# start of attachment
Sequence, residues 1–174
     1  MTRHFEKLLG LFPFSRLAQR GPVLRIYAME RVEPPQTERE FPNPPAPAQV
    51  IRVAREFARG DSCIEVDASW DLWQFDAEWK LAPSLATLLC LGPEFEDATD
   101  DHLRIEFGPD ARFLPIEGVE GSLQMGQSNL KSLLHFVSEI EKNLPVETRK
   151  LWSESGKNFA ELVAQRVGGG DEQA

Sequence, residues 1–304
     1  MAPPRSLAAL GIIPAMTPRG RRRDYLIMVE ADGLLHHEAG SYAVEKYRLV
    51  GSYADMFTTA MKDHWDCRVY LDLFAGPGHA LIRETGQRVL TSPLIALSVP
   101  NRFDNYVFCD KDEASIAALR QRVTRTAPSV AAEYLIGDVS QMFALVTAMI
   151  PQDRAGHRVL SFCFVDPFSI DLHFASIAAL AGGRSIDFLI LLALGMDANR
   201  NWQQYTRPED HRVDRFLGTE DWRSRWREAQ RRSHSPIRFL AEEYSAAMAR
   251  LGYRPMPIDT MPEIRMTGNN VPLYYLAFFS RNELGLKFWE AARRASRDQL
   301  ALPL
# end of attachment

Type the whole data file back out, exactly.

Sequence, residues 1–174
     1  MTRHFEKLLG LFPFSRLAQR GPVLRIYAME RVEPPQTERE FPNPPAPAQV
    51  IRVAREFARG DSCIEVDASW DLWQFDAEWK LAPSLATLLC LGPEFEDATD
   101  DHLRIEFGPD ARFLPIEGVE GSLQMGQSNL KSLLHFVSEI EKNLPVETRK
   151  LWSESGKNFA ELVAQRVGGG DEQA

Sequence, residues 1–304
     1  MAPPRSLAAL GIIPAMTPRG RRRDYLIMVE ADGLLHHEAG SYAVEKYRLV
    51  GSYADMFTTA MKDHWDCRVY LDLFAGPGHA LIRETGQRVL TSPLIALSVP
   101  NRFDNYVFCD KDEASIAALR QRVTRTAPSV AAEYLIGDVS QMFALVTAMI
   151  PQDRAGHRVL SFCFVDPFSI DLHFASIAAL AGGRSIDFLI LLALGMDANR
   201  NWQQYTRPED HRVDRFLGTE DWRSRWREAQ RRSHSPIRFL AEEYSAAMAR
   251  LGYRPMPIDT MPEIRMTGNN VPLYYLAFFS RNELGLKFWE AARRASRDQL
   301  ALPL